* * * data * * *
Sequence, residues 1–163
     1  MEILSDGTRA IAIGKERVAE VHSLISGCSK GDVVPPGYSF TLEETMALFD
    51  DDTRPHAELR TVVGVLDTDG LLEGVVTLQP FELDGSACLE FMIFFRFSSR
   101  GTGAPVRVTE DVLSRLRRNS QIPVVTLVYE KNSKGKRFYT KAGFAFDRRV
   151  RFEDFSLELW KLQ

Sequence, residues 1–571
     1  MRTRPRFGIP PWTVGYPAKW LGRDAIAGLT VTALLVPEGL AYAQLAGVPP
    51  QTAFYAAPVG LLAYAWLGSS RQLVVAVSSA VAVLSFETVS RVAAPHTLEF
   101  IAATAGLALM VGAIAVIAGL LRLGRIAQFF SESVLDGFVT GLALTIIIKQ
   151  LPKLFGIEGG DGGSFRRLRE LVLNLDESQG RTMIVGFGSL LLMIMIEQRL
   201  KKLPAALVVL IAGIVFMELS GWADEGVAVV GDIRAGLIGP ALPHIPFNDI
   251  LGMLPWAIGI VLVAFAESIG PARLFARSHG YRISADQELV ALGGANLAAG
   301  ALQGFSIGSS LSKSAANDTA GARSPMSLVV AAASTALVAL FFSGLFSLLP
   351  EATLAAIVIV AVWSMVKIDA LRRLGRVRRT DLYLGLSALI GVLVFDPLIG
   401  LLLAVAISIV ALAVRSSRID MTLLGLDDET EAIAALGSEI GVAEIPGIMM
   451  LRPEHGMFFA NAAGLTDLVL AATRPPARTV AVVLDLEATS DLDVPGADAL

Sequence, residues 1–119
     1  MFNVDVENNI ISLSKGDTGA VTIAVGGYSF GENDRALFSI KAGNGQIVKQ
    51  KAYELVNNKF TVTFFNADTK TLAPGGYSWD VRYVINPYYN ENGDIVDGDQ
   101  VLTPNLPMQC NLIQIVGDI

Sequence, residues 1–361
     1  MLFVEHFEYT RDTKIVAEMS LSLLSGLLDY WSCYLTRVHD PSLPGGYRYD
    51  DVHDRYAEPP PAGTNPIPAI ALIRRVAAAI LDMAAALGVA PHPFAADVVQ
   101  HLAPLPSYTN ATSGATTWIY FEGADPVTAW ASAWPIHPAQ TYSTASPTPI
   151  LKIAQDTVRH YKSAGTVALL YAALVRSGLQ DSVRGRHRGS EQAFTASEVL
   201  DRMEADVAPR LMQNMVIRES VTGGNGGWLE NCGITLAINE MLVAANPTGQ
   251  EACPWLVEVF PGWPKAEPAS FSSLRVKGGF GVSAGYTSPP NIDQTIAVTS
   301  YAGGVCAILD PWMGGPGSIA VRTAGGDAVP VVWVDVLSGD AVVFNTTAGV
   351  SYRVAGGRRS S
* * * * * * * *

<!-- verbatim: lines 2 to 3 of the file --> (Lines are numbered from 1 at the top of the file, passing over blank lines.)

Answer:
     1  MEILSDGTRA IAIGKERVAE VHSLISGCSK GDVVPPGYSF TLEETMALFD
    51  DDTRPHAELR TVVGVLDTDG LLEGVVTLQP FELDGSACLE FMIFFRFSSR